This is typically installed in flats and works by using the natural effect of wind speed differences to move air per Bernoulli's principle - the faster air moves, the lower its pressure. Generally, outdoor air, higher up from the ground, is less obstructed, so it moves faster than the air at ground level and has a lower pressure, sucking fresh air through the building. A building's surroundings and design can significantly affect this strategy by causing more or less obstruction, and adequate background ventilation is essential. Simply shutting a door will severely reduce the ventilation effect of this system.
System 3 – Continuous extract fans
These come in decentralised and centralised forms. They are ‘on’ all the time, though at a low-speed setting, which offers excellent 24/7 air changes.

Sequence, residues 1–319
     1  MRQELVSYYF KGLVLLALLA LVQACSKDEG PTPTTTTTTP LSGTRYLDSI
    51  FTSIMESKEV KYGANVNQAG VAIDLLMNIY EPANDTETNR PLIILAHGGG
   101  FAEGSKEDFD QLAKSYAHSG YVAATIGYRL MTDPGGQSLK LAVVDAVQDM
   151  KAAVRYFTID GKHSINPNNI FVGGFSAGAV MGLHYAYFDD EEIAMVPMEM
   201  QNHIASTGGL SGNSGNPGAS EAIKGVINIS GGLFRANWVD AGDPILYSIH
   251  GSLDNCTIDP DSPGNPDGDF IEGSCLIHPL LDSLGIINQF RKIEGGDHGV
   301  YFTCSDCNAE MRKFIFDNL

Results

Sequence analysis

As they run continuously, they are set to run at lower speeds, so they are much quieter whilst being practical. An example is an intermittent fan from System 1, installed in a kitchen away from the cooker, which is required to remove a minimum of 60 litres of air per second. A continuous-running System 3 fan can be set at 13 litres of air per second and still be as, if not more, effective.
Our adaptable, whisper-quiet extract fans are guaranteed for five years. A centralised extract system in the loft is a great option where multi-room extract is required.
They also have a boost function that can be automatically or manually switched for when a need occurs, such as when cooking or showering. System 3 ventilation acts almost like a fireplace will have done when installed with effective background ventilation, allowing air to escape from the property all the time, but in a controlled way. The home stays fresh and airy without the draft or heat loss associated with a solid fuel fire.
System 4 – Continuous extract ventilation, with heat recovery